Sustained Superior Performance Awards
National Institutes of Health (NIH) Special Study Section on AIDS
Superior Performance Awards
Department of Veterans Affairs
Chairman of the First and Second Workshops on AIDS at the Fifth & Sixth International Congresses of Immunology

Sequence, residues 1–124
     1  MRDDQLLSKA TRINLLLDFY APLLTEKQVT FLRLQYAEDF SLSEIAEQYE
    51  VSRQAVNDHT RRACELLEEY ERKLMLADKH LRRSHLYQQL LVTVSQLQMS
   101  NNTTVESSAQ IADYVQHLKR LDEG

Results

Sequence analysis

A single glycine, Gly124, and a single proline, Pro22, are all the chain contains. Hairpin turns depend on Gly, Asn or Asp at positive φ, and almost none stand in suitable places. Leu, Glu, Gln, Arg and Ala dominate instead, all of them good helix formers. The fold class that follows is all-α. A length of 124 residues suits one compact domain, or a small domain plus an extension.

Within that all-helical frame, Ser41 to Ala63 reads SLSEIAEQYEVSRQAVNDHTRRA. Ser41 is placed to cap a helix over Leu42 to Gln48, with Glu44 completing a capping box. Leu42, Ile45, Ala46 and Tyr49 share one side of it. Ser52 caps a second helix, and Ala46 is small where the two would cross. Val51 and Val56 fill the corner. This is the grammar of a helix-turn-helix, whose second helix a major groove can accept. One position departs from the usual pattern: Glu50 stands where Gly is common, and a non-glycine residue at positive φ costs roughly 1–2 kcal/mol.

Co-author of two of the 100 most frequently cited papers published in 1982
NYU School of Medicine Dean's Incentive Awards
2002, 2004, 2005, 2009
AIDS/HIV, Antigen Presentation, B Cells, Computer Simulation, Crystallography, Immune Deficiency, Immunoglobulin Genes, Immunology, Immunosuppression, Infectious Disease, Lymphocytes, Macrophage, Molecular Biology, Protein Structure/Function, Structu